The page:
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THURSDAY, JULY 19, 2007
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State ranks in top 13 for financial disclosure policies

By Phillip Rawls
Associated Press Writer

MONTGOMERY — A new nationwide study ranks Alabama’s financial disclosure requirements for the governor as the 13th best in the nation, partly because it requires its top executive to report far more economic information than most states.

The study by the Center for Public Integrity in Washington put Alabama ahead of all Southeastern states except Louisiana, which finished third, and Georgia, which was seventh.

The study being released Thursday gave Alabama generally high marks for the requirements that the state ethics law puts on governors to report their and their spouse’s sources of income and debts each year. Leah Rush, director of the study, said Alabama is one of 12 states that require the governor to report the general range of income from various sources. Most governors don’t have to reveal nearly that much information.

“That’s why Alabama is among the top,” Rush said Wednesday.

Alabama’s governor has to file a financial disclosure report with the State Ethics Commission by April 30 of each year. The report covers the previous calendar year.

Jim Sumner, the commission’s executive director, said he wishes Alabama law required clearer financial information than the broad income categories provided for in the law, but the study shows “we are still leagues ahead of where most of the other states are.”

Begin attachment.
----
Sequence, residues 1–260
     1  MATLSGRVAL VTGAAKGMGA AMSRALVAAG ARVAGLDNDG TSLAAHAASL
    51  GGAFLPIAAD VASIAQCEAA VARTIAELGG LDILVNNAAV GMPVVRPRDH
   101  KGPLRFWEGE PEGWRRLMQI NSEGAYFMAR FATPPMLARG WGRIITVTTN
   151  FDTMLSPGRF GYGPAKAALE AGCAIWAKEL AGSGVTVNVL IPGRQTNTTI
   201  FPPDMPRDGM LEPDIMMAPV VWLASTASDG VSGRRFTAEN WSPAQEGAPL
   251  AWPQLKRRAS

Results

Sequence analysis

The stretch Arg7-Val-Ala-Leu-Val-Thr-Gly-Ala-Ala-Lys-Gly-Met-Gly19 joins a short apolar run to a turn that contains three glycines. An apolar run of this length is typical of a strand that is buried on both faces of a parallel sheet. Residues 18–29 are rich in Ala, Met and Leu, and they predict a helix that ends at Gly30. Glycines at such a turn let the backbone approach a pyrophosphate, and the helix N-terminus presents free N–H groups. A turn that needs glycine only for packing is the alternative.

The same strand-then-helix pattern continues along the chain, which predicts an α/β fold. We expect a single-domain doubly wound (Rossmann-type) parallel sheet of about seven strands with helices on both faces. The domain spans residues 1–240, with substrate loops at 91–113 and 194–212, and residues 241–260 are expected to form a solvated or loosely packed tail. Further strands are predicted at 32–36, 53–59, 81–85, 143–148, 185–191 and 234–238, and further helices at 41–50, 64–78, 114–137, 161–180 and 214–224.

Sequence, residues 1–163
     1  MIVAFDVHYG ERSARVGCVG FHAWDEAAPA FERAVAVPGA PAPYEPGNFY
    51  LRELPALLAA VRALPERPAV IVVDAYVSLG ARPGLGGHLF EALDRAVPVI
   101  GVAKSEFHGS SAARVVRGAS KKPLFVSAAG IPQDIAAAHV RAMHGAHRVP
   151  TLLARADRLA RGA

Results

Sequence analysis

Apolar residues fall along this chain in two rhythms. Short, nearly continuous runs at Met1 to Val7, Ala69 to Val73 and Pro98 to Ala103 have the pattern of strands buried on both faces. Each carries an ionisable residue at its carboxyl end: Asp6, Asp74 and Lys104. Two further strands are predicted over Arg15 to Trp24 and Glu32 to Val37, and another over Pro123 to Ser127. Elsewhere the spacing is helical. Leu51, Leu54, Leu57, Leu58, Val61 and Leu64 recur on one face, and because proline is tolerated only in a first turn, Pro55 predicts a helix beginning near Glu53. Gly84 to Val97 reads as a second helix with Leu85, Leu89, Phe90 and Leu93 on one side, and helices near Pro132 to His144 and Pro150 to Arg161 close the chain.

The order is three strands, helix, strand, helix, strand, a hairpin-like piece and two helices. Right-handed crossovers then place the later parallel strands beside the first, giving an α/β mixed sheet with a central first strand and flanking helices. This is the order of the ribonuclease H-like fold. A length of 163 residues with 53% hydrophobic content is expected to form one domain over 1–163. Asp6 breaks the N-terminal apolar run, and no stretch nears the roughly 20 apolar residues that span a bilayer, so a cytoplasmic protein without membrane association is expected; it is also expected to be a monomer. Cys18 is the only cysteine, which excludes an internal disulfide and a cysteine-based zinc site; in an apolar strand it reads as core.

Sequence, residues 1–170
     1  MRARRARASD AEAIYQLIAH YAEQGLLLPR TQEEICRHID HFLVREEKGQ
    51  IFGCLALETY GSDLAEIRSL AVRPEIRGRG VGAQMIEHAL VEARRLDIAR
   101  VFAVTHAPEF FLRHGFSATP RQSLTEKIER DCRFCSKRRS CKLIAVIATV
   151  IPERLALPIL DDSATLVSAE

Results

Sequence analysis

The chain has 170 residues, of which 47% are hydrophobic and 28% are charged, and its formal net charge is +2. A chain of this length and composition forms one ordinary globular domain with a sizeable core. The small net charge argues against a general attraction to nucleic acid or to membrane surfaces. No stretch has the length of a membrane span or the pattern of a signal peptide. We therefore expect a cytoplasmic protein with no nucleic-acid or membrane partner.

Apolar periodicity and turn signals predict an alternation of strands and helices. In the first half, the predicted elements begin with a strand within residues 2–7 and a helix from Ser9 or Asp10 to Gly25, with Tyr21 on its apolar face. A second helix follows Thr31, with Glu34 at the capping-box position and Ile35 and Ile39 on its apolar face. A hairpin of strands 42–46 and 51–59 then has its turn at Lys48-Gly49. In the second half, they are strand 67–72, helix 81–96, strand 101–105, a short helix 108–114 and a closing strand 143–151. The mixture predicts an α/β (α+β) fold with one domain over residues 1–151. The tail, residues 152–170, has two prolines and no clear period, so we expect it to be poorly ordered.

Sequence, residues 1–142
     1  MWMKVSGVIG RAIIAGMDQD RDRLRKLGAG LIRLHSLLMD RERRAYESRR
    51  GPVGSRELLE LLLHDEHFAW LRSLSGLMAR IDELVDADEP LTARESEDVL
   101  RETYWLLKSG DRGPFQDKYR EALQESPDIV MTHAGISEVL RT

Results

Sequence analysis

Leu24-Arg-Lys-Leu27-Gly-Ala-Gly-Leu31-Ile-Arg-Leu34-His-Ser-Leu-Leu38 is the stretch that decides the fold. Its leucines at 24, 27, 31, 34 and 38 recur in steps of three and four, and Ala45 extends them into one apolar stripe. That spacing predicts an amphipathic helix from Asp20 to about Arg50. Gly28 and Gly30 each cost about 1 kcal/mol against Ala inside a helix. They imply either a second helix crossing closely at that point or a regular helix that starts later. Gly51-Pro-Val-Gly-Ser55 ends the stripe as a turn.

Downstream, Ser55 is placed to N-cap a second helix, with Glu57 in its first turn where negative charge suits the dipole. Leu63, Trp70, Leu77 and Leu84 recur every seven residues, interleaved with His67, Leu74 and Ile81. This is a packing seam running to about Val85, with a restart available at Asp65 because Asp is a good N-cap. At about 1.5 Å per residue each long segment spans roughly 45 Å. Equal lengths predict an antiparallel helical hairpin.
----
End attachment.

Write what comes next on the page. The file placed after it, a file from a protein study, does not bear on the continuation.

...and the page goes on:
Traditionally done well

Sumner said he was pleased with the ranking. He said Alabama has traditionally performed well in the center’s periodic studies involving ethics and disclosure laws, including ranking second in a 1999 study about disclosure laws for legislators.

Alabama fell short in the new study by still having the financial reports filed on paper rather than electronically and by not making the reports available online.

People wishing to see a report must either drive to the Ethics Commission’s office in Montgomery to view it in person or pay for a copy by mail.

Rush said the 1999 legislative study, where Alabama ranked second, did not consider electronic filing and electronic access.

Sumner said the commission has been wanting to start electronic filing and online access for several years, but plans were pushed back by state budget cuts in 2003.

Copyright 2005 Associated Press. All rights reserved. This material may not be published, broadcast, rewritten or redistributed.

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